Coda Protocol Code Review: Ultra Compressed Blockchain
Coda Protocol code review, wondering if their claims make any sense. Over here, look! The Ethereum blockchain, currently 667GB! And over here, Coda… which claims that a pinch of recursive composition of zk-SNARKs and some clever ideas can reduce the size of their chain into a “tiny snapshot”. Mass adoption anyone?
So, anyway. Coda is a new cryptocurrency with a constant size blockchain, improving scaling while maintaining decentralization and security. No need to store the entire blockchain for verification. Instant mobile syncing (or somewhat instant, let’s be serious for a moment here).
I first visited this project back in May, so I’m jumping back in, lots to look at, excited to see this work.
605 commits, 80 branches, 13 contributors. Working off of RFC’s it seems.
Good issue management, great documentation.
From the documentation, we have verifiers, and we have the longest chain rule.
Quite a lot to go through. From the last review, remember that snarky is the magic sauce. Think of snarky as the VM and everything here the code running on top of it. Not a great analogy but let’s go with it for now.
Not a fan of Ocaml.
Praos, their PoS Ouroboros implementation if I’m not mistaken.
Difficult for me to understand, I’m not fluent. But we see VRF creation based on time seeds, and we see state verification off of zero knowledge proofs. Need to dive in deeper here though, these are the high level functions.
Mini proof of work implementation as well. Probably for testing, but pretty cool.
Need more low level functions to really see what is happening here. High level it seems to validate the state transition with the snark transition. But without seeing the low level this is difficult to comprehend.
At this point, I can’t really assess the quality of this code. Instinctively it is good, organizational structure, layout, standard best practices are all good.
Let’s try another way. Let’s start from sending a payment.
Not familiar with these CLI libraries. But we create a Payment object. So let’s head over to Payment.
Not saying much, we just see type var and we see type Currency. over to Currency;
Checked, circuits for snarks. Fee, amount, balance, mostly just circuits and safe math.
Account structure, public key, balance, nonce, receipt_chain_hash.
Ledger transitions from snarks, transaction_snark? Transactions are snarkable? Is snarkable a real term?
Receipt_chain_hash. We give a receipt hash (the top merkle hash) that includes the transaction. That hash is proof that the transaction is in the system. Given the transactions, previous chain_hash, do I prove the current hash?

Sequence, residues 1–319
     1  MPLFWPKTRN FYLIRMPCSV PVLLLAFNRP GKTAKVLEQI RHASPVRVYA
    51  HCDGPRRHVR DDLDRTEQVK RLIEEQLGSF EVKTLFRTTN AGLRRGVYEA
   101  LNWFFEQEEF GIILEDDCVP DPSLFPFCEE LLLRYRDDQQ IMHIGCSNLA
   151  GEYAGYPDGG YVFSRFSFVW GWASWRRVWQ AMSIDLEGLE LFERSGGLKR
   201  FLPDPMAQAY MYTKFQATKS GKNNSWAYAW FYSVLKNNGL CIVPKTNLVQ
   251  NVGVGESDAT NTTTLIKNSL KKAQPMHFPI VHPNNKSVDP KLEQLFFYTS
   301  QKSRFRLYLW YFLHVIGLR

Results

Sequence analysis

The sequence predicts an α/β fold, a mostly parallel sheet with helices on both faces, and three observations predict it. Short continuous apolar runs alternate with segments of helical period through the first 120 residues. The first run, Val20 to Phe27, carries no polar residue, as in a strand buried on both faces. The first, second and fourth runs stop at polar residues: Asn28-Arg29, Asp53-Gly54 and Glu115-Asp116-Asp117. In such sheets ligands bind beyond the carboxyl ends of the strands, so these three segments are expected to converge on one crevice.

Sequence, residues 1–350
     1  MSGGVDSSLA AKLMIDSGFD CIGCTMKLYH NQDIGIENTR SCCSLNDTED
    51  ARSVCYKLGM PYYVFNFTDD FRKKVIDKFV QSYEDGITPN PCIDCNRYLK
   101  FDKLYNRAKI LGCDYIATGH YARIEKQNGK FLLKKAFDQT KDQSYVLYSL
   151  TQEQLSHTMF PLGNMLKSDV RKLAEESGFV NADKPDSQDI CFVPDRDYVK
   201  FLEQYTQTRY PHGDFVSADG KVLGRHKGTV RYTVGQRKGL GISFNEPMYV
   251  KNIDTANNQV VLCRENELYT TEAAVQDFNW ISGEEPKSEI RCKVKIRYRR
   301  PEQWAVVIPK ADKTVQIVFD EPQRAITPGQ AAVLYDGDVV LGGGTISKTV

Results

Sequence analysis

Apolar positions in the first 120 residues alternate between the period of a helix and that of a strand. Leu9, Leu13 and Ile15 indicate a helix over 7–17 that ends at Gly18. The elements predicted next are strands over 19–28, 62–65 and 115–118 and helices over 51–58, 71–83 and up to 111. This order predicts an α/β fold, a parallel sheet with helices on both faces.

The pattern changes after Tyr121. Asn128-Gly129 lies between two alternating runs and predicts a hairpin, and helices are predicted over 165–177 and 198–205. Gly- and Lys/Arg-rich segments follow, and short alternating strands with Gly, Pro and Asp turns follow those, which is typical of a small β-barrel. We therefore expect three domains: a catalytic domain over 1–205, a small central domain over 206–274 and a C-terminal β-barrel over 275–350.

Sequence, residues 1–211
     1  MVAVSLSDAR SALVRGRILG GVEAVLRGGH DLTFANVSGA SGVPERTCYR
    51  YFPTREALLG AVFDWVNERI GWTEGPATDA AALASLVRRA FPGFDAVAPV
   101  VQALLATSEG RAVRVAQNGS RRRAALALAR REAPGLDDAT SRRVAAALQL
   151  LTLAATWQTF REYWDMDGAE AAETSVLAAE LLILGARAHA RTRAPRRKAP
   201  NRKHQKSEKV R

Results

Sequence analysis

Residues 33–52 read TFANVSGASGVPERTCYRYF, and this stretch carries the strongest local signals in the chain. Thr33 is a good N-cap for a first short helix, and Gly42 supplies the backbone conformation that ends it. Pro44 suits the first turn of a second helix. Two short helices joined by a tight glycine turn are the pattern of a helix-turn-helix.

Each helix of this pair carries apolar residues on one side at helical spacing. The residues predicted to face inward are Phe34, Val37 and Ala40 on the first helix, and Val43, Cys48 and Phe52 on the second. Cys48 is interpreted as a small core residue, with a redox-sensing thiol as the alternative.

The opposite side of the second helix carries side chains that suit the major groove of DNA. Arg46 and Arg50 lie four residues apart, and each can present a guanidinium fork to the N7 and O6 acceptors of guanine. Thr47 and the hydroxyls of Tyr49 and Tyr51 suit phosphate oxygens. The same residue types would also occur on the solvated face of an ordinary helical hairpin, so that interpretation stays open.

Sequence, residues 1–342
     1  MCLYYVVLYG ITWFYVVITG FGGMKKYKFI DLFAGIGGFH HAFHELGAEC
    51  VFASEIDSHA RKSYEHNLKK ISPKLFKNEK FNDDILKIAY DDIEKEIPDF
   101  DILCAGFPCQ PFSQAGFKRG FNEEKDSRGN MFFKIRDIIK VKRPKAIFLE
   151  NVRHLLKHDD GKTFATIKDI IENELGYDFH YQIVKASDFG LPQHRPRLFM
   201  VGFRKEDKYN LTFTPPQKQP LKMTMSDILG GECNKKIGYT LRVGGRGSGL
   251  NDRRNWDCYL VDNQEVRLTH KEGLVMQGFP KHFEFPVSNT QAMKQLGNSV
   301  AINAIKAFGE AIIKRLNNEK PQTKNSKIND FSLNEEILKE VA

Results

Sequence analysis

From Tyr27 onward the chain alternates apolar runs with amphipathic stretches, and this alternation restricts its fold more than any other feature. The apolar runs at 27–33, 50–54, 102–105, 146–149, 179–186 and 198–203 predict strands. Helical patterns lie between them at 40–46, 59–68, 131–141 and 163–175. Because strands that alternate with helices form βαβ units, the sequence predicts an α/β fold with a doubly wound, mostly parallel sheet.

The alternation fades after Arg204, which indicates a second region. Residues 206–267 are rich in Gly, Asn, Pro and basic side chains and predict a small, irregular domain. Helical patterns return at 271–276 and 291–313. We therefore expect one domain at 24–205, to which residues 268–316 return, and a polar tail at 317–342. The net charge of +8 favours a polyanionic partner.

Need more data.
Now we are on the server side. The RPC receives the send_payment we created earlier. Let’s figure out where it goes.
Main -> Run -> send_payment (from RPC) -> schedule_payment -> into transaction pool.
prove_receipt grabs the proof payment, and checks against the receipt chain database.
Add Payment as txn into tx pool. Straight forward enough.
Proposer grabs tx from pool and adds into next proposal. Compress all transactions into a single snark?
Trying to understand ledger builder…
Conceptually, let’s look at it. send_payment, normal setup, circuits for currency transitions. Tx into tx pool, normal setup. Proposer, normal setup, agreement on block, normal setup.
Now you have a root receipt hash. You ask a node that has all the receipts, if the receipt is valid and contains the transaction.
So I’m still storing all the transactions and all the hashes? I’m missing a part of the picture, the zk inputs is where I’m getting stuck.
Coda Protocol Code Review Conclusion:
More research to do on my end, but phenomenal code. I’m not an Ocaml guy, but this made sense. This and snarky gives them a lot of power, and while I don’t see the single proof just yet, I see a very strong contender.
Great team, lots of hard (and smart) work has gone into this. I would like to see this in production. I think it is unique.
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Disclaimer: Crypto Briefing code reviews are performed by auditing what is on display in the master branch of the repo’s made available. This was performed as an educational review and any comments in the article are the opinion of the writer. It is normal for code to change rapidly, hence we timestamp our code reviews so that they present a snapshot at a moment in time. Information contained herein should not be used as any comment or advice on the project as a whole.
Coda Protocol Code Review Timestamp: November 17th 2018
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